COVID Winter Grant

Date of Meeting:

3 December 2020

Report of:

Interim Executive Director Families, Children & Learning

Contact Officer:


Richard Barker


01273 290732



Ward(s) affected:








1.1         The report outlines the allocation of Covid Winter Grant to Brighton & Hove City Council and its purpose.


1.2         The report seeks approval to agree for the partial use of the grant to ensure the provision of meals during school holiday times for pupils entitled to free school meals and others identified as possibly in need including those under 5 years old.


2.         RECOMMENDATIONS:    


2.1         That the Committee agrees to allocate approximately £0.320m of grant funding to ensure the provision of a £15 supermarket food voucher per week over the winter 2020 and February 2021 half term holiday periods for families whose children are entitled to free school meals or similar circumstances.


2.2         That the Committee agrees to allocate approximately £0.060m of grant funding to ensure the provision of a £15 supermarket food voucher per week over the winter 2020 and February 2021 half term holiday periods for families whose children qualify for free childcare places for two year olds, Early Years Pupil Premium and using the children centres’ food bank.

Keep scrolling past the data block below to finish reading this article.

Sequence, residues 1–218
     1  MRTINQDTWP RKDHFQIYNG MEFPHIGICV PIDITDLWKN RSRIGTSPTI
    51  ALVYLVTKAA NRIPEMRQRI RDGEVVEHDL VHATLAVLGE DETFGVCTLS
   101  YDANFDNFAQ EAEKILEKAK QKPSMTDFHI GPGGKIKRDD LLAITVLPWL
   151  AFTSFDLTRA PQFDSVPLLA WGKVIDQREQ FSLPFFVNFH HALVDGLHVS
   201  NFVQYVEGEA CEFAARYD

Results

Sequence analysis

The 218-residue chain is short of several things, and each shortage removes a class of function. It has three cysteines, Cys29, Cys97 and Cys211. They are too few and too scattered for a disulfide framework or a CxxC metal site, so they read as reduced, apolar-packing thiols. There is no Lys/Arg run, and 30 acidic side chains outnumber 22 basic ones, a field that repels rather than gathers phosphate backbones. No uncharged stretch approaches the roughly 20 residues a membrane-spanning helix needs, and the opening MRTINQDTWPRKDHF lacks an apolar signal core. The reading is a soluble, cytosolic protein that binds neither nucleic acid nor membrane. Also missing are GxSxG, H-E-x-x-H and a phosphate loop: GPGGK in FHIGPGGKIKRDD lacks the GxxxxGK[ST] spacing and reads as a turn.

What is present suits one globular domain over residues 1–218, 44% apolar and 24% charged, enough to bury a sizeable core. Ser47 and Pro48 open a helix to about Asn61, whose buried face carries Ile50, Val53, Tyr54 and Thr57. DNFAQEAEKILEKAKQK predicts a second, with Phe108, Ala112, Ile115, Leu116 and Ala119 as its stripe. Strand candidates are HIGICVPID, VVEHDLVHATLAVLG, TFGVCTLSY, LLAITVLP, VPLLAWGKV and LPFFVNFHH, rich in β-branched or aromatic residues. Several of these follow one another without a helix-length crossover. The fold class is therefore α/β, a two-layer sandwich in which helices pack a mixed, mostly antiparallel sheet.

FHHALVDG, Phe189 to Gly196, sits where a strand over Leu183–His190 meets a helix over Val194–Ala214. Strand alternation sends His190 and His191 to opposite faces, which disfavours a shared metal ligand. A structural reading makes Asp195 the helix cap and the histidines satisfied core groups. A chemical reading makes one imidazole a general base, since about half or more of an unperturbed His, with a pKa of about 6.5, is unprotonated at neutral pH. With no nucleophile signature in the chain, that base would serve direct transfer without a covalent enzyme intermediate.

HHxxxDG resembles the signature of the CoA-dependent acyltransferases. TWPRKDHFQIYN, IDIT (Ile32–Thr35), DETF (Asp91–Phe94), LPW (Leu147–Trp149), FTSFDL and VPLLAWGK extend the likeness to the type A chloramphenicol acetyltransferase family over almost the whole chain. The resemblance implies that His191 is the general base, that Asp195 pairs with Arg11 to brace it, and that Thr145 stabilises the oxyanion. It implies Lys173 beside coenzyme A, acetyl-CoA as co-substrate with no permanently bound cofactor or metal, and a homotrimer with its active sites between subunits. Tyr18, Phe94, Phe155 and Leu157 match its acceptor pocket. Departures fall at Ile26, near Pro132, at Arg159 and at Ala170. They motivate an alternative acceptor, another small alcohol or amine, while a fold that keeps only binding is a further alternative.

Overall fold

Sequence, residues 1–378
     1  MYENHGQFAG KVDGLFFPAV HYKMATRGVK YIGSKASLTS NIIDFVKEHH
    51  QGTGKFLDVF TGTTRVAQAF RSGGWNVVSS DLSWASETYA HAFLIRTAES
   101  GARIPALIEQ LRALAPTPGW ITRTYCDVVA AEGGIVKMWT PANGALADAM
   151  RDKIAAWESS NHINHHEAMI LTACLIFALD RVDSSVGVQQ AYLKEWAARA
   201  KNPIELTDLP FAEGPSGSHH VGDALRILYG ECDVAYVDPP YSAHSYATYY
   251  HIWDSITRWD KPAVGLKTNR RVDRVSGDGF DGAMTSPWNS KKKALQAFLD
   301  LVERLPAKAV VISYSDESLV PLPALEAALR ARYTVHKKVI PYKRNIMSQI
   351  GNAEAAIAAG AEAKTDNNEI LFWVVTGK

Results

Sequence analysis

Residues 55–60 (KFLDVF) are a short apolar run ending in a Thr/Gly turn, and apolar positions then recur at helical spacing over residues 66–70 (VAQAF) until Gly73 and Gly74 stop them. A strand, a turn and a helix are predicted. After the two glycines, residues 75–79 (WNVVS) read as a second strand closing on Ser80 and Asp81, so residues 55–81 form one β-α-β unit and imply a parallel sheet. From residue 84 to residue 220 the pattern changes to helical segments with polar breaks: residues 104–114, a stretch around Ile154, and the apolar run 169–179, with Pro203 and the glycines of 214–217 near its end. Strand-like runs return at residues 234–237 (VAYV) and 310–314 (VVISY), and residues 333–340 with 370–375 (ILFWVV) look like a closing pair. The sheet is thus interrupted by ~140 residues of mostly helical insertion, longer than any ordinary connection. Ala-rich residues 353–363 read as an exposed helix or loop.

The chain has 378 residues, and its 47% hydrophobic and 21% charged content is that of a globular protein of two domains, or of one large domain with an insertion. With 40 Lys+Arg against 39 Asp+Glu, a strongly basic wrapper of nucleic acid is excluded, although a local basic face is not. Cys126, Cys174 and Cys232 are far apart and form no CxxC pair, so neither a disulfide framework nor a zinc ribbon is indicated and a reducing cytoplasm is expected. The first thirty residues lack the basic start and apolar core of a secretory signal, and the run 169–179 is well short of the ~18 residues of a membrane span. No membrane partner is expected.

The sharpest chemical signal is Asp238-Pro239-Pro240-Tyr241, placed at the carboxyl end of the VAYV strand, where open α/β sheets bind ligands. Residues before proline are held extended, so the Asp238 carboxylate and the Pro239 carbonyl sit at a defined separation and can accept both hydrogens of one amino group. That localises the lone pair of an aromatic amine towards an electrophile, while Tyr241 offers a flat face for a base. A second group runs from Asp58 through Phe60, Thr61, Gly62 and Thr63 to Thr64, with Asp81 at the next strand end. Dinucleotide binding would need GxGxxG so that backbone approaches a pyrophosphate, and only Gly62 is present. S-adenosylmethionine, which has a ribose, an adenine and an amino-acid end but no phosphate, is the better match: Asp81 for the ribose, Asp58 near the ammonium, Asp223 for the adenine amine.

2.3         That the Committee note the proposal to explore how families who do not meet the above eligibility criteria but need support can be supported via existing mechanisms and the use of targeted services in the city such as Amaze, Allsorts and Voices in Exile.


2.4         That the Committee note the proposal to explore how the grant can support specific initiatives over the 2020 festive period such as gifts.




3.1         The Council will be receiving a Winter Covid Grant allocation of £0.865m to cover the period until 31 March 2021. Local Authorities will receive the funding at the beginning of December 2020.


3.2         The funding is expected to be split 80:20 to support families with children and others. This is approximately £0.692m to support families. Of that allocation it is expected that the funding would be split 80:20 to support families with food/bills and other items. Therefore approximately £0.554m is available to support the provision of meals and bills for families with children.


3.3         The government announced the grant and linked it to the campaign for the extension of free school meals over the holiday period. There is therefore an expectation that free school meals families will receive a direct offer for support during the 2020 festive holidays and February 2021 half term. Funding will need to be distributed to ensure support is in place until the end of the financial year.